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Category: Federal Facility Cleaning

Commercial Cleaning in Troy, MI

A Word on Mats

 

To help keep floors cleaner for longer one of the first things that need to be checked are the mats to make sure they they are a help and not a hindrance.

Matting is one of the major things to keep floors cleaner for longer. Matting is key but throwing a three by five mat at an entrance way is not going to get enough dirt off people’s shoes. It is important to focus on both indoor and outdoor matting and ensure that they have the right type of mats, as well as the right size mats to effectively prevent soil from entering the building.

It all begins at the entrance of the facility. With a vast majority of debris in a building coming in through the entrances, proper matting is the first line of defense to keeping much of the dirt from being tracked further into the building. Proper matting can eliminate up to 90% of dirt and debris from entering the building.

Using effective bi-level scrapping mats in conjunction with wiper mats at minimum distances of 15 to 20 feet greatly reduces that dirt and debris, allowing for less wear and tear of the floor surface.

Mats, like floors need to be maintained well. They need to be kept clean and vacuumed. A lot of times you’ll see mats that are worn out and or neglected. This will cause an increase in the dirt inside the building.

 

Source: Contracting Profits Magazine Apr 2013
Contact PROimage Facility Services at (313) 387-1977 today! Your Facility’s Professional Image Is Our Business.

Janitorial Services in Canton, MI

How to Care for Rubber Floors

Many facilities—especially schools and institutional buildings—are now installing what are termed sustainable hard-surface floor coverings made from bamboo, cork, certified or reclaimed hardwood, or engineered flooring (derived from wood chips and other materials). These properties tend to be large, busy, and multi-use buildings, and it is often difficult to find one type of sustainable floor that meets a facility’s diverse needs. Further, just as with other types of floor coverings, some sustainable floors are more durable, easier to clean and maintain, more slip-resistant, and more visually pleasing than others.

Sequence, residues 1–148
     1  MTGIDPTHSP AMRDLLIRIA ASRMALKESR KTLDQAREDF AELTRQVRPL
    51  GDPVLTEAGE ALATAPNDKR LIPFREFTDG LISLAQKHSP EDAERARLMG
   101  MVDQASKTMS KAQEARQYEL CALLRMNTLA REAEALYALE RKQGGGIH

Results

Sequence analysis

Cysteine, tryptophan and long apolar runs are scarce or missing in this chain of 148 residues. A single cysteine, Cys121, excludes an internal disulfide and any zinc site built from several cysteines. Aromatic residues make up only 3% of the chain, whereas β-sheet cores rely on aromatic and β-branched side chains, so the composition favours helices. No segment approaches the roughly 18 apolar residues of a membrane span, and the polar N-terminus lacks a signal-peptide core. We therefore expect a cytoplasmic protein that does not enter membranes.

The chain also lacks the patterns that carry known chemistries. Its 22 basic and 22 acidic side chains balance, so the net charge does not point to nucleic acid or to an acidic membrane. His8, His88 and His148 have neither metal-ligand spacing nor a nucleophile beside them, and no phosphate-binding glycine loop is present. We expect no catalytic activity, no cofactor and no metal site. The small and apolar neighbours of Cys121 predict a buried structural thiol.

As summer approaches, one sustainable floor type deserves special consideration. Rubber flooring is finding more acceptance and being installed in more facilities, indoors as well as outside. This type of flooring is becoming more popular in schools, institutions, gyms, and pool areas thanks to the way it holds up in all types of situations including heat, humidity, and wet conditions. Rubber floors are now offered in a variety of designs and colors for all types of locations, and high-quality rubber floors often are easier to maintain, are more durable, and last longer than many other floor types—sustainable or conventional.

What makes rubber floors sustainable depends on how they are manufactured. Some rubber floors are made from renewable natural rubber extracted from rubber trees. The floors may also contain fillers, supplements, and coloring derived from other sustainable sources. Additionally, recycled rubber flooring typically is made from old tires and other rubber products, helping to minimize the amount of rubber that ends up in landfills.